McQueen v. State

Annotate this Case

675 S.W.2d 358 (1984)

283 Ark. 232

Robert Bruce McQUEEN and Charles Edward Kelly, Appellants, v. STATE of Arkansas, Appellee.

No. CR 84-48.

Supreme Court of Arkansas.

September 17, 1984.

*359 Wm. Dale Varner, Springdale, for McQueen.

Denny Hyslip, Public Defender, Fayetteville, for Kelly.

Steve Clark, Atty. Gen. by Jackie Gillian, Asst. Atty. Gen., Little Rock, for appellee.

HUBBELL, Chief Justice.

Appellants Robert Bruce McQueen and Charles Edward Kelly were each charged in the Washington County Circuit Court with several counts of aggravated robbery and theft of property. Following a motion for severance, appellants were tried separately. Appellant McQueen was convicted of four counts of aggravated robbery and four counts of theft of property and sentenced to sixty years imprisonment. Appellant Kelly was convicted of five counts of aggravated robbery and five counts of theft of property and was sentenced to two hundred years imprisonment. The convictions are consolidated for appeal.

On January 25, 1983, an employee of a Spee-Dee Mart was held up by a man wearing a red ski mask and a tan corduroy jacket and carrying a silver western-style gun. The man told the employee to take all the money, which totalled about $300.00 in cash, and put it in a sock. On February 10, 1983, the same clerk was held up again by a similar looking man wearing a blue coat and red ski mask and carrying the same type gun who took approximately $150.00 in cash from the store. On February 5, 1983, an employee of Wilco Food Mart was held up by a man wearing a red ski mask and a brown jacket and carrying a chrome-plated revolver. On February 25, *360 1983, an employee of a Conoco station was robbed by a man wearing a red ski mask, a beige corduroy jacket and carrying a silver-plated western-style pistol. Approximately $600.00 in cash was taken from the station. After the man left, the employee heard a car start and leave the area. On March 25, 1983, an employee of Economy Liquor Store was robbed by two men. The shorter man was wearing a blue jacket and ski mask and carried a chrome-plated revolver; the taller man was wearing a brown jacket and a ski mask and carried a .22 caliber rifle. The shorter man asked for money and took cash in the amount of about $2,600.00. After the man left, the employee observed a Cordoba automobile with a dark top and white body leaving the scene.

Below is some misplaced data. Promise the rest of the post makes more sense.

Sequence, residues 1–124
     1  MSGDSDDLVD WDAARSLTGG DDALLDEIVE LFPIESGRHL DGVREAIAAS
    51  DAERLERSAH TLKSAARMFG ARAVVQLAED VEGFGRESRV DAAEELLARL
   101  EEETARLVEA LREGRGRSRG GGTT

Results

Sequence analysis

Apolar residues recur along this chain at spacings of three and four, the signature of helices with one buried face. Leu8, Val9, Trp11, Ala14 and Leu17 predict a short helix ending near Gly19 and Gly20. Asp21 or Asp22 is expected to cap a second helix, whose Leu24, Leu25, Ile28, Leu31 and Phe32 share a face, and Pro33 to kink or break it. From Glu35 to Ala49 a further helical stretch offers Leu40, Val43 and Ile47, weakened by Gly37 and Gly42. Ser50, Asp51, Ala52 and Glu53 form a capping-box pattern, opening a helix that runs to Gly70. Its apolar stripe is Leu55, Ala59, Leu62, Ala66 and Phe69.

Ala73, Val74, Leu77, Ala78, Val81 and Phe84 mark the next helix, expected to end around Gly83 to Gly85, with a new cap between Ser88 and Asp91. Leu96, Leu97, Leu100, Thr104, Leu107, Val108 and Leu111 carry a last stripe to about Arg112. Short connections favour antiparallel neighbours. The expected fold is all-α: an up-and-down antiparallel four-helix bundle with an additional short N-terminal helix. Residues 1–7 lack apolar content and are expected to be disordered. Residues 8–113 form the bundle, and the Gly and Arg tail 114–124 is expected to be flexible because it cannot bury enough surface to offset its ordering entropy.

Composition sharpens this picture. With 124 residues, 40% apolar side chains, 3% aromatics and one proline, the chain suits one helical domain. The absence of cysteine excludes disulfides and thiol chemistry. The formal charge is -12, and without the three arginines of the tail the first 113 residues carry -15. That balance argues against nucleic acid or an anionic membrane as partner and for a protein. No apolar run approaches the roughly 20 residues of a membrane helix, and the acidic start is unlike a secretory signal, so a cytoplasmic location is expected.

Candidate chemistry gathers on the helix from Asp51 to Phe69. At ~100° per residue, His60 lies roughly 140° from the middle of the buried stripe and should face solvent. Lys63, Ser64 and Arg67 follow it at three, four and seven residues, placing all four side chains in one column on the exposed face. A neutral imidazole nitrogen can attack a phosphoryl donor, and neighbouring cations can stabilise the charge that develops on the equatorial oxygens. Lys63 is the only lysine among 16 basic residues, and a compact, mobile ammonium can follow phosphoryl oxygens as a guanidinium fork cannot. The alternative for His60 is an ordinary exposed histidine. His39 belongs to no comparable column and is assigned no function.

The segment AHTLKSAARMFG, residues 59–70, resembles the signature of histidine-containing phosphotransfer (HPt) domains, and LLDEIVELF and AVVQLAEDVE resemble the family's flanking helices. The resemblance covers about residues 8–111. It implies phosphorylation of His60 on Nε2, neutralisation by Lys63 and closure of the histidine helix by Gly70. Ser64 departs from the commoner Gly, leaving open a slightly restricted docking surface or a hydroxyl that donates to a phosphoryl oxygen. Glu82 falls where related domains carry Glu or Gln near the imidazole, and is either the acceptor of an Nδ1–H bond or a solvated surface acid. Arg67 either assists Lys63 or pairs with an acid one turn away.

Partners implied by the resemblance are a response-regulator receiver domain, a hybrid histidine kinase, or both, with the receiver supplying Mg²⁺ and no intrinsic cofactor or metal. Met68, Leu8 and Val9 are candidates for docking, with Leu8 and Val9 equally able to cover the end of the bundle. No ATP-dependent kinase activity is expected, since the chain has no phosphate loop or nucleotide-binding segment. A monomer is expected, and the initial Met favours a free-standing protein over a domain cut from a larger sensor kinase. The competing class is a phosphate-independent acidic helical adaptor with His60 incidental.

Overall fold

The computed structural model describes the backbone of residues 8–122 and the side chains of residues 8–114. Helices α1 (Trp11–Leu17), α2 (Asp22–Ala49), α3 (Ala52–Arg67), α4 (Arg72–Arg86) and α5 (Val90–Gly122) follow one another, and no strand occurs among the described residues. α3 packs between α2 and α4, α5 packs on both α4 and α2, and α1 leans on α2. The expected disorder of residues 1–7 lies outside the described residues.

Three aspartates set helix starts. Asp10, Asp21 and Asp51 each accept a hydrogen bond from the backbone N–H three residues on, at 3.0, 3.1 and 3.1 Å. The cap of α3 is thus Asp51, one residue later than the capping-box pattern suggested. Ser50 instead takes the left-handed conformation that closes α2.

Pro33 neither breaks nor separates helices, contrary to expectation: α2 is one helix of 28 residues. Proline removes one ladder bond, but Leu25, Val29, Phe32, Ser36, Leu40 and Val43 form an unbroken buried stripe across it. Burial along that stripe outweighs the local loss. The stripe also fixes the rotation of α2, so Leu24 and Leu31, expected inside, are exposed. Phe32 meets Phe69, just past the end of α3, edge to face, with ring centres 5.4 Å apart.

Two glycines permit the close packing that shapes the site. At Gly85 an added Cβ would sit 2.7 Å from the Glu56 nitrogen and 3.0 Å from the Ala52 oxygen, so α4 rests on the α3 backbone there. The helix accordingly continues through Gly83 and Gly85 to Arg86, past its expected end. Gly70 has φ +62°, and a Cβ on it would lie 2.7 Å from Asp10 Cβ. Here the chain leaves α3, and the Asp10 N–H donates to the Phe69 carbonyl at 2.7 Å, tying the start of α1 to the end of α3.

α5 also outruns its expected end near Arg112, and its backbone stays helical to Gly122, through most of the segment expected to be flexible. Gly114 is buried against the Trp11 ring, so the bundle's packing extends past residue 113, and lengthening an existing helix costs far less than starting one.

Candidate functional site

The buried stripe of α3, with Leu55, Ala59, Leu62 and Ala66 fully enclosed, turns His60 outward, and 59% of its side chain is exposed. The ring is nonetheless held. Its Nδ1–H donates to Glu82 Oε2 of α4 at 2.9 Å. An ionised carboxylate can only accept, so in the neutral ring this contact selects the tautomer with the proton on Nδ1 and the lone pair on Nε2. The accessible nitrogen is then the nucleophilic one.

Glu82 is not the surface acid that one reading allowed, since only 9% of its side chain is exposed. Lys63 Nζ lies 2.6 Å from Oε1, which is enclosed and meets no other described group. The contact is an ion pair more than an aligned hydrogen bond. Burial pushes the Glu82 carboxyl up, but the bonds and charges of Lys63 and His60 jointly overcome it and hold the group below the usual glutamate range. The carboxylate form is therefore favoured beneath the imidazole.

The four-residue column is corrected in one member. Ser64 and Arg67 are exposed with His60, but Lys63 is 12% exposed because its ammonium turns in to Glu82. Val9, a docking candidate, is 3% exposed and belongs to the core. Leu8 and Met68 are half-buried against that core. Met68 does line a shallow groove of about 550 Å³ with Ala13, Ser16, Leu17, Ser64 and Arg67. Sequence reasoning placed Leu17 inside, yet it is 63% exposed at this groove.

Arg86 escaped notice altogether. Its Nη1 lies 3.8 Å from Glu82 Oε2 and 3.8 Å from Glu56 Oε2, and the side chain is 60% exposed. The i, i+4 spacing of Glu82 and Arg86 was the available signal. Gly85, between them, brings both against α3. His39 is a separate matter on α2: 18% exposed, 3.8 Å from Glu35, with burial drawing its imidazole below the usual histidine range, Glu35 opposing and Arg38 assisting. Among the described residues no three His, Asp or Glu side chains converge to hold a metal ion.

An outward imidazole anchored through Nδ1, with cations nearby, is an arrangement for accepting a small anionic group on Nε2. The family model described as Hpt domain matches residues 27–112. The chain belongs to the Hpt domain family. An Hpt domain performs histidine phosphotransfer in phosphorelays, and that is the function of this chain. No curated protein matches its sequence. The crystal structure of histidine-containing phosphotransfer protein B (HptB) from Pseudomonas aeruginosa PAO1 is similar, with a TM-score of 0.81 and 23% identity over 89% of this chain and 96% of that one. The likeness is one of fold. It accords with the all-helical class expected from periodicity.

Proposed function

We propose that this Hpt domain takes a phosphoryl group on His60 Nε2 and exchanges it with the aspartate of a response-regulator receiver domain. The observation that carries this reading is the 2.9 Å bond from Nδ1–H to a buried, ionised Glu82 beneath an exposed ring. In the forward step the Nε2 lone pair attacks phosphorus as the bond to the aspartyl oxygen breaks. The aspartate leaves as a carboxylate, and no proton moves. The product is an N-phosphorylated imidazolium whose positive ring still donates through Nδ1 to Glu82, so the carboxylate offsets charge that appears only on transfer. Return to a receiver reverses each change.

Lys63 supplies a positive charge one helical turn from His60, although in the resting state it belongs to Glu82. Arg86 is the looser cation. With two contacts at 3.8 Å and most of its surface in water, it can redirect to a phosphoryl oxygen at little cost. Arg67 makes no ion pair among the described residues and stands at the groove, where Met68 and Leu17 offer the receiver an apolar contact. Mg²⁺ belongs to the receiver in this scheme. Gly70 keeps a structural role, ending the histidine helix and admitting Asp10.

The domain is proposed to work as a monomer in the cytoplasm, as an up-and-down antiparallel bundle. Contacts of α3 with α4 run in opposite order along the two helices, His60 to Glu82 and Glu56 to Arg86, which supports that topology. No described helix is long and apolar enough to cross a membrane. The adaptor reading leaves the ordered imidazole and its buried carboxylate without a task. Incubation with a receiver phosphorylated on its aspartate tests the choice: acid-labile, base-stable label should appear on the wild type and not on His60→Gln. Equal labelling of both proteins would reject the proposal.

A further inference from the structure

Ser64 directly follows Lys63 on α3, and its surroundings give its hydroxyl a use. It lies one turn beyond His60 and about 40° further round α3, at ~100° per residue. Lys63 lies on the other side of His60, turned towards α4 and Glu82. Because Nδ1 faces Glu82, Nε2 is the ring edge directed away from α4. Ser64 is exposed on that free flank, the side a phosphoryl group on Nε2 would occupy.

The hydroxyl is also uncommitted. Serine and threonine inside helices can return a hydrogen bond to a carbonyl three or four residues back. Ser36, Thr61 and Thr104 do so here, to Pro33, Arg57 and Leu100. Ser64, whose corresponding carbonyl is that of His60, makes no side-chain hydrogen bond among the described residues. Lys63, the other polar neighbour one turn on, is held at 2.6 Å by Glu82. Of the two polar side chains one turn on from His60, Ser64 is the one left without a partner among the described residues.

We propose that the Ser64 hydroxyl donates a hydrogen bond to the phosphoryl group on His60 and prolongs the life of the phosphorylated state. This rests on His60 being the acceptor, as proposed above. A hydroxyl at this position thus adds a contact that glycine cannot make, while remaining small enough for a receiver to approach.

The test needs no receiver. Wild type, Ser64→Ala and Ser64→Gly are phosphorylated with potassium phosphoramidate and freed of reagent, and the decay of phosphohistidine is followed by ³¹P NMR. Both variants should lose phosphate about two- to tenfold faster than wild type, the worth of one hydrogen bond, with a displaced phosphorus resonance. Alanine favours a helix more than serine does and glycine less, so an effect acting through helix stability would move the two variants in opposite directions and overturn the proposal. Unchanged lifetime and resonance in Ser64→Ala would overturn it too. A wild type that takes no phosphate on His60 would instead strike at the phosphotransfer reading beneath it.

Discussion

On appeal, appellant McQueen argues that his conviction should be reversed because the only evidence presented by the State to connect him to the crimes charged was his confession in which he admitted he was a partner in four of the armed robberies. McQueen contends that because there was no corroboration of his confession by independent evidence, he is entitled to reversal. A confession of a defendant must be accompanied by other proof that the offense was committed. Ark.Stat.Ann. ยง 43-2115 (Repl.1977). The State need only prove, however, that the crime was committed by someone. Thomerson v. State, 274 Ark. 17, 621 S.W.2d 690 (1981); Deering v. State, 273 Ark. 347, 619 S.W.2d 644 (1981). The testimony of the employees of the four stores which were robbed provided ample proof that the crimes had been committed.

In addition, there was circumstantial evidence that pursuant to a valid search warrant officers seized from McQueen's trailer a green backpack which contained a brown corduroy jacket and red ski mask which were identified as being exactly like those worn during the robberies. The police also obtained two coats and a .25 caliber gun from appellant's brother. McQueen's confession indicated that he took those items to his brother's house after the last robbery. The two coats and the gun were identified as being identical to those involved in the robbery at Economy Liquor Store. McQueen also owned a 1976 Cordoba. A Cordoba was specifically identified as having been driven away from Economy Liquor just after the robbery.